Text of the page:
Based on the individual artist’s perception error, we measure an averaged perception error by gender group at a network level, so \(\bar{B}_{\mathrm{Network}} =\frac{\sum_{i} B_{i}}{N_{\mathrm{Network}}}\), where \(N_{\mathrm{Network}}\) represents the total number of artists in a ballet company. For each gender group’ perception error, \(\bar{B}_{\mathrm{Women}} =\frac{\sum_{i} B_{i}}{N_{\mathrm{Women}}}\) and \(\bar{B}_{\mathrm{Men}} =\frac{\sum_{i} B_{i}}{N_{\mathrm{Men}}}\) can be defined. Consequently, when \(\bar{B} = 1\), it means that the overall perception of women on a company is accurate on average, and when \(\bar{B} < 1 (\bar{B} >1 )\), a group underestimates (overestimates) the ratio of women artists on average. In addition, a gendered homophily is measured following the method in [17] determine the gendered preferences of the collaboration networks.

3 Results

Based on previous reports on the lack of representation of women in leading positions in ballet [6], we explore the general composition of the collaboration networks of ballet creators and the existence of gendered collaboration patterns in the professional environment. We also look into the composition of the most central network positions and the gender gap between men’s and women’s centralities in the network; in addition, we measure the existence of perception errors of the women’s artists group within ballet companies. We compare network position and perception errors from the empirical network structures with two null model analyses.

3.1 Team structure and collaboration patterns

The most common team size for a ballet creation across companies is three to four (20–40%), followed by five members (20%), as shown in Fig. S1a. This indicates that teams of ballet creators are mostly formed by the typical collaborative structure of leading artists. Figure 2a shows a sample of the representation of women in a ballet company (ROH), while also revealing that there are approximately 50% of teams having 100% men artists, and less than 10% of teams have a gender-neutral ratio of 50%. Conversely, the majority of teams are composed with less than 50% of women artists, regardless of their sizes, and teams having 100% women artists is almost zero.

Figure 2
figure 2

Team composition and collaboration patterns by gender. Collaboration composition of the Royal Opera House (ROH). (a) The frequency of teams regarding gender ratio in teams: more than 50% of teams are composed only of men, while teams having only women are nonexistent. (b) The normalized frequency of same-gender collaborations in a team of the corresponding gender-included teams: women mostly collaborate alone in men-dominated teams, while men collaborate more with 3-5 other men and form larger teams. (c) The number of ballet creations for each artist. Productivity varies by gender, with less productivity for women artists. The fit line by gender is at 95% confidence intervals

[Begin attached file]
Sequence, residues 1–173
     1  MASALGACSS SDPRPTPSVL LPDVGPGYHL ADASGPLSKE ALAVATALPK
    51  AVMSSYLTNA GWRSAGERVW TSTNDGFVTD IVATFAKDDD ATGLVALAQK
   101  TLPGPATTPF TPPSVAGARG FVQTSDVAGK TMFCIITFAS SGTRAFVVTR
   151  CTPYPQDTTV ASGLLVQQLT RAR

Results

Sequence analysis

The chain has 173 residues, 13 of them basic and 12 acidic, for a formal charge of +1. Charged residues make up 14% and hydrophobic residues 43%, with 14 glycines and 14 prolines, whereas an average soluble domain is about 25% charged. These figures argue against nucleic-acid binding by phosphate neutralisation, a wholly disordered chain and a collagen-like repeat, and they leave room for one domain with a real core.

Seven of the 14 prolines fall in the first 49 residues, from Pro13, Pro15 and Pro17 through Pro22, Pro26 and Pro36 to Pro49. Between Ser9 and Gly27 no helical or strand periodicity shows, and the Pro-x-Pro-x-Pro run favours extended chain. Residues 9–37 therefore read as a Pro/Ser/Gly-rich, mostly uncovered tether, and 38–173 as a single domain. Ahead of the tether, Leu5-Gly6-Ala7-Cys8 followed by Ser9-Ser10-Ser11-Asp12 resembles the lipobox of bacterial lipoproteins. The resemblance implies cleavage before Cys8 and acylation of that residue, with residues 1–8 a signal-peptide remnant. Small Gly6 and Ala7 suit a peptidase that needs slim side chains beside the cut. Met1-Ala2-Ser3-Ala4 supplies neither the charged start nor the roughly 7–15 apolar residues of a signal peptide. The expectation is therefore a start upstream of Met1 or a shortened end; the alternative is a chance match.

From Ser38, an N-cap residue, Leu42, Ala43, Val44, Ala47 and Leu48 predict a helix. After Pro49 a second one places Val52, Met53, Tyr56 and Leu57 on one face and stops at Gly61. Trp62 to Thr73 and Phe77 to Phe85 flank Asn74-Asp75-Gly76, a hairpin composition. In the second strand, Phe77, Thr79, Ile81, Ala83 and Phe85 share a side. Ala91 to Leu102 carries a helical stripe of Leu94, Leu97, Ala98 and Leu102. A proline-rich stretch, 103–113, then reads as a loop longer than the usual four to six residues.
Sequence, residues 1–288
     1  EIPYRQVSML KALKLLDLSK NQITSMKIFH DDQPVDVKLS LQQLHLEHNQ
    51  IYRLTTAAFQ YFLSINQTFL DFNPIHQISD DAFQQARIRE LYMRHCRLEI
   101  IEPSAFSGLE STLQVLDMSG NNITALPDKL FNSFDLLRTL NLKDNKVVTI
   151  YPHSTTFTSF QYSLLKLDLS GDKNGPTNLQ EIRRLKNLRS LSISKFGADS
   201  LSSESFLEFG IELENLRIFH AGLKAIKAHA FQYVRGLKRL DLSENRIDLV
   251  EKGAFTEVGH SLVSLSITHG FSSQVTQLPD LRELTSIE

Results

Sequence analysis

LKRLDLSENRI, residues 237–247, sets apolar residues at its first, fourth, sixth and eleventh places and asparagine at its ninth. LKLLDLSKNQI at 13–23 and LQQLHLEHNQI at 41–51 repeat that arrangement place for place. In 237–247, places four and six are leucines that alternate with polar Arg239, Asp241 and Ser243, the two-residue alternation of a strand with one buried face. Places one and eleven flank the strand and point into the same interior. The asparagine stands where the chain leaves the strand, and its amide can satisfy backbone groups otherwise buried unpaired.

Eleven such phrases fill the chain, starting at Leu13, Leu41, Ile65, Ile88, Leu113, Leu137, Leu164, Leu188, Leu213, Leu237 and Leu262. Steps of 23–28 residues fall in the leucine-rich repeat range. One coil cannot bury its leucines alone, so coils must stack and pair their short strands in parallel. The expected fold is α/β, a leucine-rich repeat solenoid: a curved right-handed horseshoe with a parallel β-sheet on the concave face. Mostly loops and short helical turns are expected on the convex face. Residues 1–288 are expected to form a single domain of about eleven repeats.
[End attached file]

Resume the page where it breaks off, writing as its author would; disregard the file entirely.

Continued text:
Dance communities have specifically reported an overlooking of women in choreographic leads, and our results suggest that women are less represented than men in general leading roles. Exploring the team composition by artistic role, the proportion of women is considerably low for the choreographer, librettist, and composer groups (Fig. S2). Other positions such as costume, lighting and design have a relatively larger participation of women, but still men are dominant in those roles as well.

Further, in Fig. 2b, we see that when women collaborate in a team, the frequency of working with other women in the same team is actually very low (\(< 30\%\)). These results describe that women artists mostly work in men-dominated environments. On the other hand, men-alone teams are rather rare (\(< 10\%\)), as they tend to collaborate with at least three to five other men (\(> 20\%\)) and participate in considerably larger teams than women (up to 11 men in one team, at ROH).

In terms of productivity, women artists are less involved in ballet creations than men artists. In NYCB and ROH, the most productive woman participates in approximately 20–25% of the creations of the most productive man artist collaborated (ROH’s maximum collaborations: Men = 76, Women = 16; NYCB’s maximum collaborations: Men = 211, Women = 54, see Figs. 2c, and S3b). For NBC, the highest productivity is a bit similar for both genders. Women artists’ highest productivity is just 86% of the most productive man (NBC’s maximum collaborations: Men = 38, Women = 33). Only at the ABT, the most productive woman artist exceeded in 20 collaborations relative to the most productive man artist (ABT’s maximum collaborations: Men = 35, Women = 55). Notwithstanding the exception, most women artists are less productive than their men counterparts, and the global picture for women is to work in men-dominated creative environments. Team structures, and collaboration and productivity patterns, are similar across all companies studied here (for more details and figures by company, see Section S1).